Pope Brock Interview, plus links to author biography, book summaries, excerpts and reviews

Pope Brock
Photo: Hannah Cattell Brock

Pope Brock

An interview with Pope Brock

Pope Brock explains what drew him to spend two years of his life writing Charlatan, a book about John Brinkley, arguably the biggest con-man in American history who accidentally changed the face of American music.

Why did you decide to tell this story?

I had never heard of John Brinkley before, but within two minutes after stumbling on his name – on museumofhoaxes.com – I was hooked. Any guy who would build the biggest radio station in the world to convince other men to get goat-testicle transplants is a pretty unusual character. He made millions of dollars at this during the Depression – even had women coming in for goat ovaries, which he plugged as a wrinkle-reducer and bust developer. When I learned he was also a pioneer in radio, in advertising, in politics, I knew what I'd be doing for the next two or three years.


What surprised you most about Brinkley's story?

I suppose his enormous impact on pop culture, which he's never gotten credit for. He's like Shoeless Joe Jackson: he's been kept out of the Hall of Fame because he's regarded as a crook. But John Brinkley seized on radio in its infancy with a sort of evil glee, before corporate America had any idea what to do with it, and showed the world the huge potential of broadcast advertising. He also accidentally changed the American pop music scene by giving country music, and later the blues, its first national audience. When he ran for governor of Kansas in 1930 – an election that was stolen from him, fittingly enough – he introduced the airplane into political campaigning; he invented the sound truck. As a quack he killed or maimed a lot of people, but meanwhile he was doing some amazing things.


How did Brinkley manage to fool so many successful industry titans and otherwise shrewd people?

Shrewd and successful people – like Harry Chandler of the Los Angeles Times, for example – were drawn to him because they thought Brinkley was one of them, a kindred spirit. But he was usually way ahead of them. Crime-wise he played three-dimensional chess.


How did the American medical community change to avoid such con artists?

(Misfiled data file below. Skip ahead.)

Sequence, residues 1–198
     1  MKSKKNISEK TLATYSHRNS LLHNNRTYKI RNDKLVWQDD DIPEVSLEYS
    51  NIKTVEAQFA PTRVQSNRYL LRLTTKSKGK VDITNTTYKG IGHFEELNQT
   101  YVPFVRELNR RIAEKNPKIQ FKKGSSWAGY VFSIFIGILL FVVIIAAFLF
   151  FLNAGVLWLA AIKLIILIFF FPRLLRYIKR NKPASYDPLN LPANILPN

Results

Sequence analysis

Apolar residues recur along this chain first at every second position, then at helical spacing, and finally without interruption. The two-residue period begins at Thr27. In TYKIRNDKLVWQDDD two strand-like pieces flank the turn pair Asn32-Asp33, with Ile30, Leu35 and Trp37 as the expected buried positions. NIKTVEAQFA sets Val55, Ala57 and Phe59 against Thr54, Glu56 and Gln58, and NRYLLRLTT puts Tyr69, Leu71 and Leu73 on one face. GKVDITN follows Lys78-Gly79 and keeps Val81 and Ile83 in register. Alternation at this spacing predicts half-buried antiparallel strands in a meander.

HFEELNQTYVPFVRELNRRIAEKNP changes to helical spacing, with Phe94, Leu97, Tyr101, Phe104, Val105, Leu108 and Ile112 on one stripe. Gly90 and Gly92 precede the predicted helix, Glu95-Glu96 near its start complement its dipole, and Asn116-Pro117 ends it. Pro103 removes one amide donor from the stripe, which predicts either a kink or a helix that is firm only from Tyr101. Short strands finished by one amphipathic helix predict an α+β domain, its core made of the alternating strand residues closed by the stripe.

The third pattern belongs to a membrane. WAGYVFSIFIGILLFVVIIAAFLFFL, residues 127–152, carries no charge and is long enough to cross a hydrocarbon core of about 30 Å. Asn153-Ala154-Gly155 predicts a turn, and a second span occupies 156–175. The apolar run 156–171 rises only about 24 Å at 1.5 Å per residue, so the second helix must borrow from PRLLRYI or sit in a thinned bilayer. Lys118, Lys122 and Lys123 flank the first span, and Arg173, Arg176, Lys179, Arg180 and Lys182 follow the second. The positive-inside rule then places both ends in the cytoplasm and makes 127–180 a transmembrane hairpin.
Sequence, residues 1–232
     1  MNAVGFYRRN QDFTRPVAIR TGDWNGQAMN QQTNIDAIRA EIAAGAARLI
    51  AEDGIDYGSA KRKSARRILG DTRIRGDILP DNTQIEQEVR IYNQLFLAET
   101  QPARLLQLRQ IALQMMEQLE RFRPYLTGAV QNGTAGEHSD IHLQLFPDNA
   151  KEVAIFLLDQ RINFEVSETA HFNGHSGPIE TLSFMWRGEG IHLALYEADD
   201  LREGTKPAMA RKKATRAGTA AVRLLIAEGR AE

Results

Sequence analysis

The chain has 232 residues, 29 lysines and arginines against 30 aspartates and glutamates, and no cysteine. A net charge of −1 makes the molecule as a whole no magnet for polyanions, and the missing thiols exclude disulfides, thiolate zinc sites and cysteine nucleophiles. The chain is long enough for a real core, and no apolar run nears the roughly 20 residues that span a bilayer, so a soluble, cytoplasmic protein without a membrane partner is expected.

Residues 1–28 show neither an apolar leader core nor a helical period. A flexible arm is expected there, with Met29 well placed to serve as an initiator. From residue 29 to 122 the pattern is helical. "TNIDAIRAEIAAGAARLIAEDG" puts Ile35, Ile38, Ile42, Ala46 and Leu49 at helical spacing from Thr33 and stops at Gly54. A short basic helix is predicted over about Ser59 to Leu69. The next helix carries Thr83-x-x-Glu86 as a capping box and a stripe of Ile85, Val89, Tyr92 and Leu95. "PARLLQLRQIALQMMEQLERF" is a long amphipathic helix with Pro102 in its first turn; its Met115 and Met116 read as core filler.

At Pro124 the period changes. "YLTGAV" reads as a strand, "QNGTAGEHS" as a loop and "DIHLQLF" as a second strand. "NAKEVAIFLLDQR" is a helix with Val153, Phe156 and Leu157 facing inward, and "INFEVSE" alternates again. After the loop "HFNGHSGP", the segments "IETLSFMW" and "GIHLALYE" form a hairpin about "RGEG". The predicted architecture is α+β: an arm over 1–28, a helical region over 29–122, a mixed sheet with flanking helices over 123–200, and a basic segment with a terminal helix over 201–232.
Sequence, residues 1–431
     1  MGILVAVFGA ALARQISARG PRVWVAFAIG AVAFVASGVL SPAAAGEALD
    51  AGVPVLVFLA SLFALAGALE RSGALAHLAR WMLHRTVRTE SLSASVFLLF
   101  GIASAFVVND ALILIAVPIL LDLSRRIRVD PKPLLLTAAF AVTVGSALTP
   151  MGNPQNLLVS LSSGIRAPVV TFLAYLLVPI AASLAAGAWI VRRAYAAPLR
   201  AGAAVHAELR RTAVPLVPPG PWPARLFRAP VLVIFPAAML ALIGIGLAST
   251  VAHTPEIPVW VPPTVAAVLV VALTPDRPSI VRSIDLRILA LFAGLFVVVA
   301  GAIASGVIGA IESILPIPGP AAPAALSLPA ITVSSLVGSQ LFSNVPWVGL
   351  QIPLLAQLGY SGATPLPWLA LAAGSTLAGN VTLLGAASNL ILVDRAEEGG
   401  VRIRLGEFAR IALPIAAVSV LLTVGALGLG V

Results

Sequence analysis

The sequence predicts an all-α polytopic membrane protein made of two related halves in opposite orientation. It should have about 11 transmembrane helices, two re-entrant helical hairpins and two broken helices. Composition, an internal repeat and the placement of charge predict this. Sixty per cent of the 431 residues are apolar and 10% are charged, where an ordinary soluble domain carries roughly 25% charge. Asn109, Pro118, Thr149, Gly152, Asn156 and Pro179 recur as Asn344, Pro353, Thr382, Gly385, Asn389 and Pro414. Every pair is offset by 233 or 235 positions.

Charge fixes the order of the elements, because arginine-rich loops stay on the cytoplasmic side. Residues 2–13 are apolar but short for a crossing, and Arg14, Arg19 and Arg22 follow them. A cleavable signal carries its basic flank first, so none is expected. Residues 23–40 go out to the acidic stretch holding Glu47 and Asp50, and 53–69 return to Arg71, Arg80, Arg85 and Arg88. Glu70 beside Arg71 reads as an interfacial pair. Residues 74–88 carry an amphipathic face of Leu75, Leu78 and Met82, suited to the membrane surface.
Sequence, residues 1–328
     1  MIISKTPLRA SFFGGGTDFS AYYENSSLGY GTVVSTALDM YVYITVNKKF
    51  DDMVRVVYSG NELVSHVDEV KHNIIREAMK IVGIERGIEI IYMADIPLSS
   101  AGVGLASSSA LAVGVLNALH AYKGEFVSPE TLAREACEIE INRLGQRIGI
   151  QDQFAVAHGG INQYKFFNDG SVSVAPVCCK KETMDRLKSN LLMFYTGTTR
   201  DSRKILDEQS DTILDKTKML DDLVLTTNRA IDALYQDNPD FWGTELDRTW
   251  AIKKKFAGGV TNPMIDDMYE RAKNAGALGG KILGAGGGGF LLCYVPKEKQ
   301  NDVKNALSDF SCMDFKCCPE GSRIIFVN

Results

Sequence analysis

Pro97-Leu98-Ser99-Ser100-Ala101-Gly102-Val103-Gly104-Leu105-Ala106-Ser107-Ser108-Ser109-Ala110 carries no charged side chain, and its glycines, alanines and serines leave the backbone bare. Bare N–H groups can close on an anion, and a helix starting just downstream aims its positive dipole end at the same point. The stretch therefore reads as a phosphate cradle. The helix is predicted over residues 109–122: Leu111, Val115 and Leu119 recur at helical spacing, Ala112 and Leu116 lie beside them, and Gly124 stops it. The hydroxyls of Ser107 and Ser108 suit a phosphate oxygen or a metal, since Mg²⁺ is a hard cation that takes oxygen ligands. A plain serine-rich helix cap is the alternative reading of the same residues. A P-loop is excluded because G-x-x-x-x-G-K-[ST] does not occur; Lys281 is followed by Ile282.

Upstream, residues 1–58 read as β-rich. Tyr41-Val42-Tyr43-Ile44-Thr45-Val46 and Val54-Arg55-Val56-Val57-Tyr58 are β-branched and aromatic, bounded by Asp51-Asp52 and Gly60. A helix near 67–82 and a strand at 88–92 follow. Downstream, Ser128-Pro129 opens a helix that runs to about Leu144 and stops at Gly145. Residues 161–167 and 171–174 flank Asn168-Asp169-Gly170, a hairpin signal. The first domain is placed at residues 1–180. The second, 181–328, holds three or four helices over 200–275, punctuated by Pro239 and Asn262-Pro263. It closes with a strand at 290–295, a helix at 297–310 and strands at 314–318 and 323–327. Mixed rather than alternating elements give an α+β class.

When Brinkley was finally exposed, it was a watershed moment for American medicine. The whole profession had been so poorly regulated, it was overwhelmed with nuts and quacks, but the comet trail of fraud he left behind was so egregious, things finally changed. The American Medical Association gained the power it had sought for decades to enforce national licensing standards for doctors. Medical schools toughened their curricula. Diplomas became much harder to get. Quacks weren't stamped out completely, of course, far from it; but overall Brinkley's downfall marked the birth of modern medicine.


How are Brinkley's influences still felt in society?

In politics, advertising, music… The "border blaster" he built just across the Mexican border to promote his medical practice – combining raucous hard sell with pop tunes – established the template for AM radio.


Do you think Brinkley was a product of his time or could such a prominent scam still be perpetrated today?

Nobody could get away with the sort of gargantuan con game Brinkley ran at his peak, not with all the investigative media that's out there now. But health scams make up in numbers today what they lack in size. Some of those TV-infomercial gurus are plugging very dubious stuff; one of them did time for fraud, and he's back on the air today. Mostly though, like a lot of other things, health scams are a niche business now, with thousands of little cubbyholes on the internet.

Unless otherwise stated, this interview was conducted at the time the book was first published, and is reproduced with permission of the publisher. This interview may not be reproduced or reprinted without permission in writing from the copyright holder.

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